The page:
San José, Costa Rica, since 1956

Honduras, Nicaragua Benefit from G8 Debt Cancellation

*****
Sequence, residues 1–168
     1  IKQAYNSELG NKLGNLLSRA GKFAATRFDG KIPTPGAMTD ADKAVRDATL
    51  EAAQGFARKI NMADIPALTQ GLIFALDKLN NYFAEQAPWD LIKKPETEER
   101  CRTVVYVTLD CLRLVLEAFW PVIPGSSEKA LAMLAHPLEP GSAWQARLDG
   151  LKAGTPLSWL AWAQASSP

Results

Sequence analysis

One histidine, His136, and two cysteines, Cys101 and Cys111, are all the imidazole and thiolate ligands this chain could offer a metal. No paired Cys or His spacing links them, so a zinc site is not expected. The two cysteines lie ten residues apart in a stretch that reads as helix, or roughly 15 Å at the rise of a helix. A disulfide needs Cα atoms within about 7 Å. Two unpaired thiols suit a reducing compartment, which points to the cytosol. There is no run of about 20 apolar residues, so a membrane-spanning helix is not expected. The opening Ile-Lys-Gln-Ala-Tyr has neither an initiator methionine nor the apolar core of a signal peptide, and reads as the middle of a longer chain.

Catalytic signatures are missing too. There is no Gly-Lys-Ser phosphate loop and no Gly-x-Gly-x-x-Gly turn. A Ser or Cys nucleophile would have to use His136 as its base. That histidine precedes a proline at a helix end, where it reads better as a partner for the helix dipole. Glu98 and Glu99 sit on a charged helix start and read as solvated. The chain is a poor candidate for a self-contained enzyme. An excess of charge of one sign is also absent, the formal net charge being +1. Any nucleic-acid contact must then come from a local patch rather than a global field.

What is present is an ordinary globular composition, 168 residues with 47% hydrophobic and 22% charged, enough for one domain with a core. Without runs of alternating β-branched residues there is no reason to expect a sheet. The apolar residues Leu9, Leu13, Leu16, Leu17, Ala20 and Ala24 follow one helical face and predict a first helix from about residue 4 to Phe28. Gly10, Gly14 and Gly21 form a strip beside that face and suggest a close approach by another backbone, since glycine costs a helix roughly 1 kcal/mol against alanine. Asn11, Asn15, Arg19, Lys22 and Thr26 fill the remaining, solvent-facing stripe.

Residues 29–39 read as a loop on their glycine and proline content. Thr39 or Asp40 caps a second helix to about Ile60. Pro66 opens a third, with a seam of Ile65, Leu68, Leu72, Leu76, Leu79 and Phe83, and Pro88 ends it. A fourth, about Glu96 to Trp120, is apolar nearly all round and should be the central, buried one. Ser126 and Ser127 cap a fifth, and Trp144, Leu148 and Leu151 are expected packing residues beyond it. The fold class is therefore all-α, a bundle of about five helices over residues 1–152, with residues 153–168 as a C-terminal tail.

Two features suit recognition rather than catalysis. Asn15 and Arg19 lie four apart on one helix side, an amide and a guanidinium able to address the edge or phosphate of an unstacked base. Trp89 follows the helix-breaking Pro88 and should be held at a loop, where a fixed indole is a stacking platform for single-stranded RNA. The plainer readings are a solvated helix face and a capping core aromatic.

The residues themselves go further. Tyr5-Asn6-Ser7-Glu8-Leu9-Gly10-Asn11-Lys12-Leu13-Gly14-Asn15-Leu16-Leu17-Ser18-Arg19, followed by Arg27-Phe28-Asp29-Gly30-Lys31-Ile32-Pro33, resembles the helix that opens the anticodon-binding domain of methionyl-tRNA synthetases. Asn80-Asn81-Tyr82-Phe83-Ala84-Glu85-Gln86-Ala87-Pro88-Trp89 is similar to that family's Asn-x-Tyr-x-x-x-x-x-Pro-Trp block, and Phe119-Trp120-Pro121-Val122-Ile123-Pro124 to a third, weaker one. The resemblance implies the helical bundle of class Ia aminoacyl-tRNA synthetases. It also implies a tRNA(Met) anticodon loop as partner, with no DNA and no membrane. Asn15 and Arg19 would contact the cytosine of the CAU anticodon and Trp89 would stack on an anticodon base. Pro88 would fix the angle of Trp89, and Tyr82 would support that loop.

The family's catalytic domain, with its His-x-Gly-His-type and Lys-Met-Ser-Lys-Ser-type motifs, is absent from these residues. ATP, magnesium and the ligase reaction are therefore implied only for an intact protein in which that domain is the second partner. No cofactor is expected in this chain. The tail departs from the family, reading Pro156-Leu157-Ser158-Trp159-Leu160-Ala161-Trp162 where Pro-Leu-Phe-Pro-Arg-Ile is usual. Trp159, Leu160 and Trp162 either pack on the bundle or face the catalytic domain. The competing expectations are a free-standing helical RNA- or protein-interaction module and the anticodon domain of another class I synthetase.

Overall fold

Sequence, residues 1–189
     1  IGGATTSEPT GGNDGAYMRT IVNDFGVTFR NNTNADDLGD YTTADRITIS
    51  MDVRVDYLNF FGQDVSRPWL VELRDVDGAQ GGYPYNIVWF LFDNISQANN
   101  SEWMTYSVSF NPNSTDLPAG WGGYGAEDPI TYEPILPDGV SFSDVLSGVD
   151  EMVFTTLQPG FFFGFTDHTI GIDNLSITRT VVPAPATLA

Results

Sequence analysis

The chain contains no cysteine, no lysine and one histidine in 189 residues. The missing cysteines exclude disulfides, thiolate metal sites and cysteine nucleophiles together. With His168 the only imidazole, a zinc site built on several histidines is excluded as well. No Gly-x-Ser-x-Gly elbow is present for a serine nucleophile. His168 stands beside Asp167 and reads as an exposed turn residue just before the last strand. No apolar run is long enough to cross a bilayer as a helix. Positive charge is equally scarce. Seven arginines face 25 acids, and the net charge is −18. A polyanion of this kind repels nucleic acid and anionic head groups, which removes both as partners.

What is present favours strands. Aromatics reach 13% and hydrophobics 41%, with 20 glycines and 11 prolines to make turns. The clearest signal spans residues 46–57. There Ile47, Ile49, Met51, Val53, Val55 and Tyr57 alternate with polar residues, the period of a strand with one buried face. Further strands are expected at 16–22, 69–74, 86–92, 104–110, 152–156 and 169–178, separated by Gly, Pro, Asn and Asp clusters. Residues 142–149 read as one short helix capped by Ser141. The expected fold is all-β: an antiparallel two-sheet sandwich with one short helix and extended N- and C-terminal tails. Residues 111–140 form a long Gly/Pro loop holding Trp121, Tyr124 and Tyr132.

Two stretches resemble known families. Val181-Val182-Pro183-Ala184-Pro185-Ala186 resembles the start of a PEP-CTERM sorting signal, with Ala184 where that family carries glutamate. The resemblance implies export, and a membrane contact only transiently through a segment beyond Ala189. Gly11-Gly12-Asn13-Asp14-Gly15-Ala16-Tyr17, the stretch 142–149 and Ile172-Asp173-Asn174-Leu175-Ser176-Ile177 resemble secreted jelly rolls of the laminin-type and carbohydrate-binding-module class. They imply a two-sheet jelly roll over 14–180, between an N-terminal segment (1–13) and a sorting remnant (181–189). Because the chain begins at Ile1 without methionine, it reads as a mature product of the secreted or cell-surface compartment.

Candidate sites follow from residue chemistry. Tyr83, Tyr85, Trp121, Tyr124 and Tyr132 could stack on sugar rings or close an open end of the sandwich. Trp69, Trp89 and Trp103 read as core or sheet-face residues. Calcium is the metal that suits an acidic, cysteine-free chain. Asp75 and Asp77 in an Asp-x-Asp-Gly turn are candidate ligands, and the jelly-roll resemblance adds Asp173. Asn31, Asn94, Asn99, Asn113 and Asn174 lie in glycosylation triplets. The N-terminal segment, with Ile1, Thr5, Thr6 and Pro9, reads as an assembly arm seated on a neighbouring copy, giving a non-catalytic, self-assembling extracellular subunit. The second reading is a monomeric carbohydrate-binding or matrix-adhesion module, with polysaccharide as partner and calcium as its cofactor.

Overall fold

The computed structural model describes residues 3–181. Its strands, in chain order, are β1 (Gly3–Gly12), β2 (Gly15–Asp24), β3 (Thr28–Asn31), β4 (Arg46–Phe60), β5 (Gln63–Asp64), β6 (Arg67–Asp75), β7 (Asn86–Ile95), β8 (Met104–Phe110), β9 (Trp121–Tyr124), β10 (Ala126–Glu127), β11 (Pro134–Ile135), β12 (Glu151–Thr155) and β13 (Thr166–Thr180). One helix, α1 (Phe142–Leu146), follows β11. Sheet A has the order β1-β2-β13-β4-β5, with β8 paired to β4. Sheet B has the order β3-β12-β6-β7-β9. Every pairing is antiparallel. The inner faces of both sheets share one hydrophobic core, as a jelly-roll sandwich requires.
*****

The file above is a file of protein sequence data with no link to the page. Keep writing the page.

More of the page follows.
LONDON (EFE) – The Group of Eight,or G8, the world’s seven most industrializednations plus Russia, agreed in London lastSaturday to cancel immediately “100%” ofthe multilateral foreign debt of 18 poorcountries, including Latin America’sBolivia, Honduras and Nicaragua.Although the terms and conditions ofthe debt cancellation are still unclear,Nicaraguan and Honduras are alreadysinging hallelujahs.Nicaragua’s Finance Minister, MarioArana, was quick to thank the G8. He saidthe debt forgiveness would give his countrysome “fiscal breathing room” and allowthe government to dedicate more money tosocial spending.The G8’s debt forgiveness for Nicaraguacould bring the country’s total debt cancellationto $1 billion, $610 million of which hadalready been wiped out by the InternationalMonetary Fund (IMF) and World Bank,under the Highly Indebted Poor Country’sInitiative, or HIPC.HONDURAN Finance MinisterWilliam Chong Wong, meanwhile, estimatedthat the G8 initiative would translateinto $1.7 billion in debt forgiveness for hiscountry.Including another debt-forgivenessplan that Honduras is working on with theWorld Bank, Chong Wong estimates thatHonduras’ total foreign debt could bereduced by a total of $2.3 billion, down toa more manageable $500 million, in thenear future.Nicaragua and Honduras are seekingclarification on the terms and conditions ofthe G8 debt forgiveness to determine theexact amount of its benefit to each nation.NICARAGUA this week also receivedword that the United States government onMonday accepted its budget proposal for theMillennium Challenge Account, which willearmark $175 million in grant money forrural development projects during the nextfive years in the northwest departments ofLeón and Chinandega.Nicaragua will use the MillenniumChallenge Account funds to lay 152 kilometersof road, resolve 43,000 pending landdisputes, reforest 17,300 acres of dry forestand support new agricultural production projectson 12,100 acres of unused land, accordingto a Casa Presidencial statement.Honduras last month was the firstcountry in Central America, and second inthe world, to qualify for the MillenniumChallenge Account, netting $215 millionfrom the U.S. fund (NT, May 27).WHILE the debt forgiveness may nothave the same immediately obvious benefitsto the population as the MillenniumChallenge funds will, it is being recognizedas an historic opportunity forHonduras and Nicaragua to redirect statespending in the long term.Speaking at a press conference in hisrole as host of the two-day summit of G8finance ministers, British Chancellor ofthe Exchequer Gordon Brown said a totalof $40 billion of the 18 nations’ debtwould be canceled.The first beneficiaries of Saturday’sdecision are Benin, Bolivia, Burkina Faso,Ethiopia, Ghana, Guyana, Honduras,Madagascar, Mali, Mauritania, Mozambique,Nicaragua, Niger, Rwanda, Senegal,Tanzania, Uganda and Zambia. Thosecountries are 18 of the 38 poorest countrieson the planet.In 12-18 months, another group of ninenations is scheduled to be accepted into thedebt-cancellation plan, totaling an additional$11 billion. A third group of 11nations in the throes of civil war are in linefor debt cancellation once conditions outlinedin the program are met.GUATEMALAN President OscarBerger has already announced that hewould like his country included on theG8’s first list of nations slated for debt forgiveness.In declarations to the press this week,Berger explained that Guatemala wasunfortunately excluded from the firstround because its per-capita income isabove that of the other 18 countries – a sadstate of affairs considering an estimated80% of Guatemala’s 12 million inhabitantsare poor.Berger said if he were unable to convincethe G8 to pardon 100% of his country’sdebt, he would at least seek to lowerinterest rates.IN all, the 38 nations included in theHIPC initiative launched by the WorldBank in 1996 owe $55 billion to internationalbodies, $44 billion of that to theWorld Bank, $6 billion to the IMF and$5 billion to the African DevelopmentBank.According to Brown, donor countriesagreed to provide additional funds to themultilateral institutions to make up fortheir loss of income.He said the deal is the “most comprehensive”agreement on debt relief everachieved at a G8 conference.“This is no time for timidity, but forboldness,” said Brown, whose country currentlyoccupies the rotating chairmanshipof the G8, made up of Britain, Canada,France, Germany, Italy, Japan, Russia andthe United States.BROWN explained that the debt cancellationis contingent “on the countries’adoption of measures regarding transparencyand the struggle against corruption,”so as to ensure the money saved –some $1.5 billion a year in debt repayment– will be spent on education,health and other areas.The meeting’s final declarationdescribes as “essential that developingcountries implement policies that fostereconomic growth, sustainable developmentand poverty reduction.”It also mentions as prerequisites “transparent”finances and institutions and “economicstability” to foster private enterpriseand attract investment.

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